The British Queen

The Nineteenth Century

The British Queen opened as a public house some time before 1841 when Nathan Driver was the publican as evidenced by Kelly’s Directory of trades in Cambridgeshire and the 1841 census.  It is possible that The British Queen opened first as a beerhouse some time after the 1830 Beer House Act of Parliament and of course it is still a pub today.

Nathan Driver remained as landlord until the mid 1860s.  The 1871 census shows William B Jarman as the publican of The British Queen.  It is not clear from the 1881 census exactly who was running the pub but by 1891 Frederick Thurley and his wife Ann were in charge. A fire in a barn belonging to a ‘Mr Thurley, publican’ occured in 1886 suggesting that Fred Thurley was probably already running the British Queen by this date.

The Twentieth  Century

Fred died in 1909 when Charlotte ‘Granny’ Thurley took over. After her death in 1932 Herbert Gipson, her son, took over and was the landlord for a number of years until his death in 1966.  He was succeeded by his daughter, Muriel, for a few months until ‘Mac’ took over.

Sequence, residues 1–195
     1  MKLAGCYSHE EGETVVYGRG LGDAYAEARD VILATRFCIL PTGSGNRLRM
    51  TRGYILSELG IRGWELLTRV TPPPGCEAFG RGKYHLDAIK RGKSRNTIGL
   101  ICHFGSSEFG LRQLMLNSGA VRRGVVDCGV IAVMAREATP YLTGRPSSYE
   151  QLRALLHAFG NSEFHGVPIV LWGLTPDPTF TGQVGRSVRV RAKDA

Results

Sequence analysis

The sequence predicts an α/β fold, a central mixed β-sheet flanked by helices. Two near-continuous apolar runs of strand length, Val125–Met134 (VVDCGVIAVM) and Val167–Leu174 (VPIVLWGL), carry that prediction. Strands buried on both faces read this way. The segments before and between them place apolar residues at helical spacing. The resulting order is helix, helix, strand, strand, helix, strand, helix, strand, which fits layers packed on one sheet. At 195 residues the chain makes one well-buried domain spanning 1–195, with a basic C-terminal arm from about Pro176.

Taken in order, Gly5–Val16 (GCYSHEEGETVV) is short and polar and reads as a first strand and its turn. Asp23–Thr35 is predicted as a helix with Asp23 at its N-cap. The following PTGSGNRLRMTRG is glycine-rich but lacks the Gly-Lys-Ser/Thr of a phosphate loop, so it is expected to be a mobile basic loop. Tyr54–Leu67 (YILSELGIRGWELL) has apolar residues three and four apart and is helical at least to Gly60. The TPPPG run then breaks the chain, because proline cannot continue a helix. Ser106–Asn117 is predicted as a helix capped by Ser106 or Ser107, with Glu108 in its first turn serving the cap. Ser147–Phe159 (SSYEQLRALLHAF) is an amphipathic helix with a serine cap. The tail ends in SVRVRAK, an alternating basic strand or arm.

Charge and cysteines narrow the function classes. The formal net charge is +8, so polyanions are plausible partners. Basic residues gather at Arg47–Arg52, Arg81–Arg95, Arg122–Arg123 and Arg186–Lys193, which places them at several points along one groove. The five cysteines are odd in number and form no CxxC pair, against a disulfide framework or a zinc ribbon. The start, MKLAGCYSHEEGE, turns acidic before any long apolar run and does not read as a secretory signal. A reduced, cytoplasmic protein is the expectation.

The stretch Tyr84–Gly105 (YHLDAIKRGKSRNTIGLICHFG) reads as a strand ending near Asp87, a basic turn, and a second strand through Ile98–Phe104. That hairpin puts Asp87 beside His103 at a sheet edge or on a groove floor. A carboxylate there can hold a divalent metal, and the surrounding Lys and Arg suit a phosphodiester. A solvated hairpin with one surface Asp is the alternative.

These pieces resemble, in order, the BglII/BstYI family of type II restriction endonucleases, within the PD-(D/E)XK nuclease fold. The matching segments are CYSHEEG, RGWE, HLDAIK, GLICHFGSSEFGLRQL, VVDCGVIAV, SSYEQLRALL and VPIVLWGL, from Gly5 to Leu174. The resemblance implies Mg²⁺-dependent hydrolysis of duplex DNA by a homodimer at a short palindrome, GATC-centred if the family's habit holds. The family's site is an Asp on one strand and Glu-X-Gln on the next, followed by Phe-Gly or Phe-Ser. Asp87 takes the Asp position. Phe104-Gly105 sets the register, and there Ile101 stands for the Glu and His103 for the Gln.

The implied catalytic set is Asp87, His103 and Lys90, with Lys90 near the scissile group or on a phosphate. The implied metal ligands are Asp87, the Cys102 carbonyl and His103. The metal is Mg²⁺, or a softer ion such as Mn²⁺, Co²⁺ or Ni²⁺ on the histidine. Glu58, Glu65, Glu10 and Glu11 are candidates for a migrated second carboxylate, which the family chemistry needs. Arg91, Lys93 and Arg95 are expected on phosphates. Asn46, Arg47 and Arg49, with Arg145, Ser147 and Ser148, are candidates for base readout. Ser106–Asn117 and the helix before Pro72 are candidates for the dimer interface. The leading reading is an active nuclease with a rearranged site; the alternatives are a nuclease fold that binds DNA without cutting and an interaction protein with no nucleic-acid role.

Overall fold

Unlike the other pubs in Meldreth The British Queen had a full licence i.e. it could sell wine and spirits in addition to beer.  The rest of the pubs were just beer houses.

In 1954 the pub was bought by Flowers Brewery and having survived the big cull of pubs in the village during the late 1950s it passed to Whitbread in 1962.

The Twenty-First Century

In 2001 Whitbread sold its breweries to Interbrew and in 2002 it sold its pub chain to Enterprise Inns.  Enterprise Inns in turn leased it to Kew Inns.  John Smith was the landlord from 1995 until 2010 when The British Queen was put up for sale by Enterprise Inns.

Alan Tobin bought the British Queen in July 2010 and he has completely refurbished it and started serving food again after a break of 15 years.  Once again the British Queen is a very popular pub much used by the village.

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